Here is a win for the State/Law Enforcement against a DWI defendant. The defendant admitted to law enforcement officers that he was intoxicated when he was arrested and that he was driving his truck at the time of the accident. The police had pulled up to the scene of the accident. When they got there, they observed that the defendant was intoxicated.
The officer smelled a “faint” odor of alcohol on his breath, and noticed that his eyes were bloodshot. Based on those observations, the officer believed
Defendant was intoxicated. Defendant declined medical treatment at the scene.
Defendant told the officer that he was traveling northbound on North
Eastern Avenue when the passenger side wheels of his truck went off the side of the
road. He said that he overcorrected and crossed over the center line, went off the
opposite side of the road, and then caught an embankment, which caused the truck
to flip. The truck rolled several times before it came to rest on its roof next to the
A second officer came to the scene and began a DWI investigation. Officer detected a “strong odor” of alcohol coming from Defendant. He also observed
Rastorfer’s eyes to be “watery and glassy,” and his balance “swaying and uncertain.”
Defendant stated that he had last consumed an alcoholic beverage 30
Officer performed two field sobriety tests: a horizontal gaze nystagmus (HGN) test, and the walk-and-turn test. He detected three out of six possible clues of intoxication on the HGN test. Officer testified that the presence of four clues on the HGN test generally indicates intoxication; but he explained that he was unable to complete the HGN test, and did not score Defendant’s right eye, because Defendant “wouldn’t follow my proper instructions” by visually following the stimulus. Officer then detected four out of eight possible clues of impairment on the walk-and-turn test, and testified that two clues indicated intoxication. When Officer attempted to perform the one-leg stand test,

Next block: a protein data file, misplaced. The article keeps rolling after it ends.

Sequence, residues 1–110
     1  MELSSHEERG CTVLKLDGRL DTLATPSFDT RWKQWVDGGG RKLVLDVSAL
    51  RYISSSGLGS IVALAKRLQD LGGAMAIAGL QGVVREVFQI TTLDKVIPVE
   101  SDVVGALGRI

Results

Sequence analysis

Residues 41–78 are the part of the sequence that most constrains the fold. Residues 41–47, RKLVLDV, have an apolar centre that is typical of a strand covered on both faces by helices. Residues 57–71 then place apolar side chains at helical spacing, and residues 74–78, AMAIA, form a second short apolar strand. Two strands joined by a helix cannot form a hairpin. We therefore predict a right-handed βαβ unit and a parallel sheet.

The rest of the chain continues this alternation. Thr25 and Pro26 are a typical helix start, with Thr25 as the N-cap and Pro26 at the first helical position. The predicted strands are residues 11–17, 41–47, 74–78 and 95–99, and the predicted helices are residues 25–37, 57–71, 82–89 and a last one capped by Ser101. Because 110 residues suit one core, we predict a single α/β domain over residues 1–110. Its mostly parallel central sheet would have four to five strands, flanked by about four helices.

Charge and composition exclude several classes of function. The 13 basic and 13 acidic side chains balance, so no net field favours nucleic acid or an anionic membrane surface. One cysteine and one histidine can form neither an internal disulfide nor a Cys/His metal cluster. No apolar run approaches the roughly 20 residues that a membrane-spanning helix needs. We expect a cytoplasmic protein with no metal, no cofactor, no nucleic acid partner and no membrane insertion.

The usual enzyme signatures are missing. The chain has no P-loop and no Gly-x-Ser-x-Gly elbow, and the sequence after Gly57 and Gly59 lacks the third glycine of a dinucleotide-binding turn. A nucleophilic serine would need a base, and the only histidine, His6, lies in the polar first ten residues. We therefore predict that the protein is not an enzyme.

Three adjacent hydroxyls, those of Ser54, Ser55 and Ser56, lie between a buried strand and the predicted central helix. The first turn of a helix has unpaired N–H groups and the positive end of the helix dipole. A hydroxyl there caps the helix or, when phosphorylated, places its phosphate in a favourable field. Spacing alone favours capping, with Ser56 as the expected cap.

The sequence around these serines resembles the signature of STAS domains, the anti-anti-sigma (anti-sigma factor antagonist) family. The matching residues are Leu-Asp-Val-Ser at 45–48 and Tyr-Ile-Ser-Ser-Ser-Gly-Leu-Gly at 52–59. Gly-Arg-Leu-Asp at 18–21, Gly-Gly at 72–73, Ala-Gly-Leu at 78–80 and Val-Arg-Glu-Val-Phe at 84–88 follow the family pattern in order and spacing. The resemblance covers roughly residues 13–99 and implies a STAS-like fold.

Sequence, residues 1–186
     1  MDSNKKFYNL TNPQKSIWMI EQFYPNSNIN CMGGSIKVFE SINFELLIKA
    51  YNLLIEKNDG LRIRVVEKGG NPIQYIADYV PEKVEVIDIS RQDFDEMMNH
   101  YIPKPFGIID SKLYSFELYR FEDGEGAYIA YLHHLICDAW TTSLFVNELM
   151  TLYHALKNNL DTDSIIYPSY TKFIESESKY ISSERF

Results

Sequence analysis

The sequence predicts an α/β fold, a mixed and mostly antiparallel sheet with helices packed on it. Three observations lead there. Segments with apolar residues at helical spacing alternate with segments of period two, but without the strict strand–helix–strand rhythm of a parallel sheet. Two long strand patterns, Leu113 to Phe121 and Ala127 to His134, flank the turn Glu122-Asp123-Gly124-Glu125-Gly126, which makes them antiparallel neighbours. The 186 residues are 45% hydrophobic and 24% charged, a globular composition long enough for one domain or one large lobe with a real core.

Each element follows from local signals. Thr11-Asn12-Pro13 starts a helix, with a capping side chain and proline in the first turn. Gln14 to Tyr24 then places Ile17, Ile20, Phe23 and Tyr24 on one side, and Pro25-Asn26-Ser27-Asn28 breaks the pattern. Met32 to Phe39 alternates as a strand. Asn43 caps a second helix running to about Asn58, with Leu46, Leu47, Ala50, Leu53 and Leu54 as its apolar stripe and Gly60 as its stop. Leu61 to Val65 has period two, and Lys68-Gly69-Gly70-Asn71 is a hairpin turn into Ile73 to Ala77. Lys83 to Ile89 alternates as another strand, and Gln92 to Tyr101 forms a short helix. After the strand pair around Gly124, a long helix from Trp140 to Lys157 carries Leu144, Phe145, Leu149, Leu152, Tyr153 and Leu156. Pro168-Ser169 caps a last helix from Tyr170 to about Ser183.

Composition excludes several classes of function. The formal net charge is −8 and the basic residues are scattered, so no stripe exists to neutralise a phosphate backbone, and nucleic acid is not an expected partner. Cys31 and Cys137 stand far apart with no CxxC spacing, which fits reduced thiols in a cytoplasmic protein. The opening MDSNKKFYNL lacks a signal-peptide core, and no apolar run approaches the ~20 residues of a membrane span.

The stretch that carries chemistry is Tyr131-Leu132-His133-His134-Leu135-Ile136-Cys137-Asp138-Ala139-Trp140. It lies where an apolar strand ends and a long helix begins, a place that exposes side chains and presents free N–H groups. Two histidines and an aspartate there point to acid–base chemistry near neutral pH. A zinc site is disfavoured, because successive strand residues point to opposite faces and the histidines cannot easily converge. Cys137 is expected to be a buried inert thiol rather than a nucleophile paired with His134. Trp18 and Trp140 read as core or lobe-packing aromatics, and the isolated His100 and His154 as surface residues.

Defendant refused to comply. Following his investigation, Defendant was arrested
for driving while intoxicated.
To sustain a conviction for driving while intoxicated, the State must establish a
temporal connection between the defendant’s last operation of a motor vehicle and
his observed intoxication. The Defendant’s argument was that the State’s evidence was insufficient to establish, beyond a reasonable doubt, that he was intoxicated while driving.
In this case, the Appellate Court looked at the following facts to affirm the trial court’s conviction for DWI:
That Defendant claimed he last consumed alcohol at 10:00 p.m. and that he said he had been in Grain Valley, more than thirty miles away, in the three hours preceding the
accident, it was a reasonable inference that Defendant had finished drinking well
before the accident occurred. The evidence also indicated that the accident had
occurred only shortly before officers encountered Defendant which supported the
inference that his observed intoxication preceded the accident. The nature of the
accident – a single vehicle rollover without obvious explanation in clear weather, on
a straight, dry and paved road – also supports the inference that the cause of the
accident was intoxication-related. Defendant’s refusal to submit to blood alcohol
testing also supports an inference of his intoxication while driving. The fact that
the State’s evidence did not wholly foreclose the possibility that Defendant became
intoxicated following the accident does not require reversal of the trial court.
The case was State v. Rastorfer, Court of Appeals, Western District of Missouri.
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